Mentor and Refer Students
Scholars tell us again and again that they applied because a faculty member encouraged them to do it. You can encourage your best students to apply for scholarships and guide them along the way. You can also send NISO information about a student or students you know who would be strong candidates for prestigious scholarships by sending an email to email@example.com with the students full name and any additional information you wish to share.
Purdue’s Center for Instructional Excellence has partnered with us to create these “how to” video guides for writing recommendation letters for scholarships.
Reference/recommendation formats vary among the scholarships. There are often strict word or character counts. You may be asked to answer specific questions or comment on specific traits or qualities. In addition, NISO coordinated scholarships require a campus review, and in most cases a nomination process, dictating a campus submission prior to the national competition. As such, NISO provides recommenders with clear guidelines and tips for each specific scholarship to assist in the process and we are always available to answer questions.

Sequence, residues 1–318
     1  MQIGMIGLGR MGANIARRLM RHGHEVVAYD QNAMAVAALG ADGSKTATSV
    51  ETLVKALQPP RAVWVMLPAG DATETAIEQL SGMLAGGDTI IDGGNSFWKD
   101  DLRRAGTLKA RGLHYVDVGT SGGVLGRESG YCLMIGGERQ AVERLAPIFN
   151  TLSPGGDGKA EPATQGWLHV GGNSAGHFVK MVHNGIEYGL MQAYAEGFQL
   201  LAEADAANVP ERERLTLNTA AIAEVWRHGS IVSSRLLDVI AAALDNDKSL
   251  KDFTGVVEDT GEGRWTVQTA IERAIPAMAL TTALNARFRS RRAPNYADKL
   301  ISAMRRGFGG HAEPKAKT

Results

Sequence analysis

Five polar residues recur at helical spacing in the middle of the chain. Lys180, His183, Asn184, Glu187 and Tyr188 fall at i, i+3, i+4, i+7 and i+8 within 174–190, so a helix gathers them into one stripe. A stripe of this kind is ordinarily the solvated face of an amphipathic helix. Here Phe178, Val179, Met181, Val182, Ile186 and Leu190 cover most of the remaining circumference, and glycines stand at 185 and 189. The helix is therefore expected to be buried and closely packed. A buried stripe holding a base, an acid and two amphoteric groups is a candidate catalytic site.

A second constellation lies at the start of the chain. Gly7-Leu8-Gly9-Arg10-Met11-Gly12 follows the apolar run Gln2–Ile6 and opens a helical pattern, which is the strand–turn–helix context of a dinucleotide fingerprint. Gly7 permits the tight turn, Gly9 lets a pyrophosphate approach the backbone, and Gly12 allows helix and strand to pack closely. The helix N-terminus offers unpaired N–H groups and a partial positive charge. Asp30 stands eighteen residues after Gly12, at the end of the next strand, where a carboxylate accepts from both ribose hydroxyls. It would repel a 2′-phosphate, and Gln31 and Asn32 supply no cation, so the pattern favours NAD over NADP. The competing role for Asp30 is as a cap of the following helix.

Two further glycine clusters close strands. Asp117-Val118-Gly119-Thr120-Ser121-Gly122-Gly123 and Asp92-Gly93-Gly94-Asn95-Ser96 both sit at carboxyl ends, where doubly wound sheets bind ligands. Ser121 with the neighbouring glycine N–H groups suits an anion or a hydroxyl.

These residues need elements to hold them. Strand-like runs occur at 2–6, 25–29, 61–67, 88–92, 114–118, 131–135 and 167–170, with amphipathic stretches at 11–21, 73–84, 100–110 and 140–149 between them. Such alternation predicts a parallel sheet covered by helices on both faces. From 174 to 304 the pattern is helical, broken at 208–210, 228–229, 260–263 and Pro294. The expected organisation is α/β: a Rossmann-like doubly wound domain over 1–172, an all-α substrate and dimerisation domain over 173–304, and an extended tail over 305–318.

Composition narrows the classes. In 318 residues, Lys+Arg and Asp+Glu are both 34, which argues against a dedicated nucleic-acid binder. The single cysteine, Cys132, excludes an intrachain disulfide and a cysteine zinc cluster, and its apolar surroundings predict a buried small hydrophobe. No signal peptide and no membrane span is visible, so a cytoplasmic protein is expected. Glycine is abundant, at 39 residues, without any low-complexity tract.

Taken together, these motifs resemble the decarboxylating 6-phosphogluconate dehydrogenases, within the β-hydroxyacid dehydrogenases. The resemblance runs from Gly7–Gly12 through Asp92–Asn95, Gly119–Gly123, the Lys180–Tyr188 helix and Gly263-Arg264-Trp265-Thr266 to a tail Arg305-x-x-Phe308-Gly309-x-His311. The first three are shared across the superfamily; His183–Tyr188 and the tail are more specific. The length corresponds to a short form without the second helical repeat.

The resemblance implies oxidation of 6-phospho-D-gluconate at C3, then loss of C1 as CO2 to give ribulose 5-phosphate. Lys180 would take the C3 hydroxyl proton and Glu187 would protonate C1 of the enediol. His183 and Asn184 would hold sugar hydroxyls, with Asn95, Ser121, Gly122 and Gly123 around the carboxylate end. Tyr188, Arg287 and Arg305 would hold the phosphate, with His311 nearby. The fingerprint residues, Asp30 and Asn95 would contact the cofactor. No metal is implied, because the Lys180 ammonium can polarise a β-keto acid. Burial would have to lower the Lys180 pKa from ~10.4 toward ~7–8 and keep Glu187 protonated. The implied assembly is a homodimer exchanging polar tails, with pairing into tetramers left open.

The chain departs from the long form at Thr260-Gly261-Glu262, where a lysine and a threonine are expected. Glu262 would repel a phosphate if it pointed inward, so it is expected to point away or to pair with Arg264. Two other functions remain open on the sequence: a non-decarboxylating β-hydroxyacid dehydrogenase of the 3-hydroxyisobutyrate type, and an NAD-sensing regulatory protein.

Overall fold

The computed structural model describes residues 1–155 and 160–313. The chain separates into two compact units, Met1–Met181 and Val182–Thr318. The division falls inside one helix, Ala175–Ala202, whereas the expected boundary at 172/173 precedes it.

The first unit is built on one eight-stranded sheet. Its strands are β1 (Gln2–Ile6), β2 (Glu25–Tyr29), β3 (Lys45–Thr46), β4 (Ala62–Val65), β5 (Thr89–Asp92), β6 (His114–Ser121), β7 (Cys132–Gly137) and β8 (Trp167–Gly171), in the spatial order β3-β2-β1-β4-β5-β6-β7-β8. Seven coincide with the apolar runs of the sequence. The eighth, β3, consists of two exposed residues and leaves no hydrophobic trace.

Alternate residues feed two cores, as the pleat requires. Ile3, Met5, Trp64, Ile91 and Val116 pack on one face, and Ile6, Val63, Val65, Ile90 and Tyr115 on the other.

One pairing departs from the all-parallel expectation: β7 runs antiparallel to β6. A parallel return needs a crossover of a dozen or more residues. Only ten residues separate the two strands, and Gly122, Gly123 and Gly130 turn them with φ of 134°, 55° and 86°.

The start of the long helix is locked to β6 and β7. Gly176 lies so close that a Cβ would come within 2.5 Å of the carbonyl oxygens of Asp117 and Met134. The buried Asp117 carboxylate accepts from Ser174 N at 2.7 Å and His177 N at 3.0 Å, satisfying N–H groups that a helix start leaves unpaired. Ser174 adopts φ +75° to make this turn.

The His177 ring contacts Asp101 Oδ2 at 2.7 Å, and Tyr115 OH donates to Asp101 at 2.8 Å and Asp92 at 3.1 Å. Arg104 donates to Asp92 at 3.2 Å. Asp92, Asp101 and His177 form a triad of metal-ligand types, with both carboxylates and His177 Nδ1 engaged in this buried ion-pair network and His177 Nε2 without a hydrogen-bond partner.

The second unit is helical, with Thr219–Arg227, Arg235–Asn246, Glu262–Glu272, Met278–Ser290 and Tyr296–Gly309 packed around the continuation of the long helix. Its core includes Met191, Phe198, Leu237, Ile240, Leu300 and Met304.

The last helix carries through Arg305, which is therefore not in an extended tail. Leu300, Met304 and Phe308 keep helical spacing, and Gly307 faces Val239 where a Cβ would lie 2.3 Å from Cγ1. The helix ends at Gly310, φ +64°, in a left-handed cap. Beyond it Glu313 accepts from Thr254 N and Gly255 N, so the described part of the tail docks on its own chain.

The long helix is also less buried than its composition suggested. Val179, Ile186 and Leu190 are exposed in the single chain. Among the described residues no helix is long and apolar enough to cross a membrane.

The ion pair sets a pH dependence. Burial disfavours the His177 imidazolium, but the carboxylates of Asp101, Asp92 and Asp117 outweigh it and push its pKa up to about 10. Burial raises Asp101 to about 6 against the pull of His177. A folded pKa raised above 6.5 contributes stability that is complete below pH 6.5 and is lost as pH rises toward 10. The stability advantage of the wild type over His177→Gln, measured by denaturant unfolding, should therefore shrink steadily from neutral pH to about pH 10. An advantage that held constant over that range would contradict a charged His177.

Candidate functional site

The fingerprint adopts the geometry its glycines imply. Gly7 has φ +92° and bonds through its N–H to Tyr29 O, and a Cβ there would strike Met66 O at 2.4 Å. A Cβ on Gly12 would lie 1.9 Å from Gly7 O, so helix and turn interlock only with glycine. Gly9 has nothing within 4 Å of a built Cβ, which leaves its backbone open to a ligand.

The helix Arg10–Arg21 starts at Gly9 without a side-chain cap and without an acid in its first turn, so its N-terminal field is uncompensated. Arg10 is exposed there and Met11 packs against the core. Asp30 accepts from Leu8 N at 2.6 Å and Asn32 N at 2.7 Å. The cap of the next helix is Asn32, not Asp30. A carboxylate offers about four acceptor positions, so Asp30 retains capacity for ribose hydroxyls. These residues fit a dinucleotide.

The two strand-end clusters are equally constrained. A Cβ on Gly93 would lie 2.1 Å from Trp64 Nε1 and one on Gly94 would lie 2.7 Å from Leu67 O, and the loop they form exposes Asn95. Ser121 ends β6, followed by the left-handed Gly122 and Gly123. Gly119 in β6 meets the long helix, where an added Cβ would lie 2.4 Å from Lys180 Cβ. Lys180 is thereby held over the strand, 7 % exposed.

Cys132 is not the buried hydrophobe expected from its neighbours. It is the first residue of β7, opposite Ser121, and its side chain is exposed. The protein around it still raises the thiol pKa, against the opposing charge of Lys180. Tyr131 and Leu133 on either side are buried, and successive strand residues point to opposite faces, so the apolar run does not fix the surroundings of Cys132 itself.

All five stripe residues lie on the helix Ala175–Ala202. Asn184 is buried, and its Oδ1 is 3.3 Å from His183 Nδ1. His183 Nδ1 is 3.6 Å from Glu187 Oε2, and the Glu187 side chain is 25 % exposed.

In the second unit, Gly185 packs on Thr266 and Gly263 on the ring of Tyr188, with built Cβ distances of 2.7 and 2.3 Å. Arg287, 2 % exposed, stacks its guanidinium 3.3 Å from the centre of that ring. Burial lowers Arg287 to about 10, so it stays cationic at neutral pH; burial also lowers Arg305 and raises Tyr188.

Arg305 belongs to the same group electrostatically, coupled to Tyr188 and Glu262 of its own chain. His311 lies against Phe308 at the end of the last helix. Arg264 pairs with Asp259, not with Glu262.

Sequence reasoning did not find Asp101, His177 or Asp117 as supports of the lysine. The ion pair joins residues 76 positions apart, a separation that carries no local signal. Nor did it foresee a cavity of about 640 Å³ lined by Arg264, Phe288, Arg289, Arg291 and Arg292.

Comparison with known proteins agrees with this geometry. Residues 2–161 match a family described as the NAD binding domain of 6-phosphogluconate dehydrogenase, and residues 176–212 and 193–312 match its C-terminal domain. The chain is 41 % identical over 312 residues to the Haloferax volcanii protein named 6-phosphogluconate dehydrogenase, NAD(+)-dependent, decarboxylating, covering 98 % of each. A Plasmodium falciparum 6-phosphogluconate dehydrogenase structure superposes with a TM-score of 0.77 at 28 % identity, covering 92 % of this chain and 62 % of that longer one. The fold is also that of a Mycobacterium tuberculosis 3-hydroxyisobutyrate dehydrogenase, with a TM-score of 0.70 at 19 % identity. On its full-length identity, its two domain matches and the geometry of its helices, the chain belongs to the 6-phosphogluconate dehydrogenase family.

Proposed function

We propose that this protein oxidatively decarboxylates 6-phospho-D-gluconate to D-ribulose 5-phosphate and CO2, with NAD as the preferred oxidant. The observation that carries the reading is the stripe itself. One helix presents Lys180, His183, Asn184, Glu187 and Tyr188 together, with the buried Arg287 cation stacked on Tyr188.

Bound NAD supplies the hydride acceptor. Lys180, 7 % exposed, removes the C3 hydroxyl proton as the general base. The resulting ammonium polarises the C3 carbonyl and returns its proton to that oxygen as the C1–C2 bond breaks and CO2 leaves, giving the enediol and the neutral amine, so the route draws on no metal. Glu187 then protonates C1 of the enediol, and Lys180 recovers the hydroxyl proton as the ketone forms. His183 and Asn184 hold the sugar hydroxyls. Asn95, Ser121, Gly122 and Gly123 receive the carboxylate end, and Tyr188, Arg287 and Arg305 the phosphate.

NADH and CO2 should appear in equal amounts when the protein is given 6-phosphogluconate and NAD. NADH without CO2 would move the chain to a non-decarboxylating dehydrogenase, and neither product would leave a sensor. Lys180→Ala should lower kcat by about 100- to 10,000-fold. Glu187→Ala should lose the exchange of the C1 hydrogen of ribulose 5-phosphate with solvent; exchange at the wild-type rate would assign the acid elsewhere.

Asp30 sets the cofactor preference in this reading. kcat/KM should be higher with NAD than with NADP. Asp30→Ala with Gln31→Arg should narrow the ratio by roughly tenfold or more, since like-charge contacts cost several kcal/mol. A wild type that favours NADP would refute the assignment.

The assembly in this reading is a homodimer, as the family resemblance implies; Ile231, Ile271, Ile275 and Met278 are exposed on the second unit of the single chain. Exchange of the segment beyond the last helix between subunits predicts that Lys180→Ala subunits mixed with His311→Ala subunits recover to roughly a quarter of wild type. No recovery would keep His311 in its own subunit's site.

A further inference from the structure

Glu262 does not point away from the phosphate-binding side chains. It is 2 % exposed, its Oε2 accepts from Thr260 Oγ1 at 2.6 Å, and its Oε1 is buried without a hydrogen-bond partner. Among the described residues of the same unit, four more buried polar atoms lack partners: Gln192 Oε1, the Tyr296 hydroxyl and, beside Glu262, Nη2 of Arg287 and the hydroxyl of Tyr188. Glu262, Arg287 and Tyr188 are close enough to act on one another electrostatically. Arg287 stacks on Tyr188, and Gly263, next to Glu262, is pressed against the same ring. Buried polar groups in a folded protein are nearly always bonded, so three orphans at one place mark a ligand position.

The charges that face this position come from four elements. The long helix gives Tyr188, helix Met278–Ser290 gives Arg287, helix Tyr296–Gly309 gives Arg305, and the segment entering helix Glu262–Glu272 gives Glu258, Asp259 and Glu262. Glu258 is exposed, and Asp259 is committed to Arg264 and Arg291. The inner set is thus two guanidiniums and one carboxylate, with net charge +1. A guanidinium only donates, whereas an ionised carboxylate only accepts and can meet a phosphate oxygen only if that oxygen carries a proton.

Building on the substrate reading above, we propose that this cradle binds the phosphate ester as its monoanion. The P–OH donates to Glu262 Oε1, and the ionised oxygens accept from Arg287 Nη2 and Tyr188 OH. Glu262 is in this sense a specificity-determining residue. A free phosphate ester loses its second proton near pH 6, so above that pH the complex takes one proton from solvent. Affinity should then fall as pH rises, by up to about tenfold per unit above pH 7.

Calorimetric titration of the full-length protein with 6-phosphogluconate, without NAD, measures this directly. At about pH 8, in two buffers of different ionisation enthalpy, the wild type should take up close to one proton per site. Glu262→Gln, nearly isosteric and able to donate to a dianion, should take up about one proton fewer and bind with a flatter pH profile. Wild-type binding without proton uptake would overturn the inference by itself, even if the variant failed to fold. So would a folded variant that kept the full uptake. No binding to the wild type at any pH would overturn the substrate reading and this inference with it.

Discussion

Serving as a reference/recommender is your chance to explain to a selection committee why this student is a good candidate for the award. Scholarship recommendation letters differ from job or graduate recommendations in that they should focus on a few select accomplishments of the student. Forget the general superlatives. A letter that highlights very specific examples of why this student is outstanding will go a long way with the scholarship selection committee.
If you do not know a student well enough to write a detailed letter or would rather not write in support of the student’s application, simply decline the student’s request. If possible, assist in identifying other referees who are more familiar with the student's work.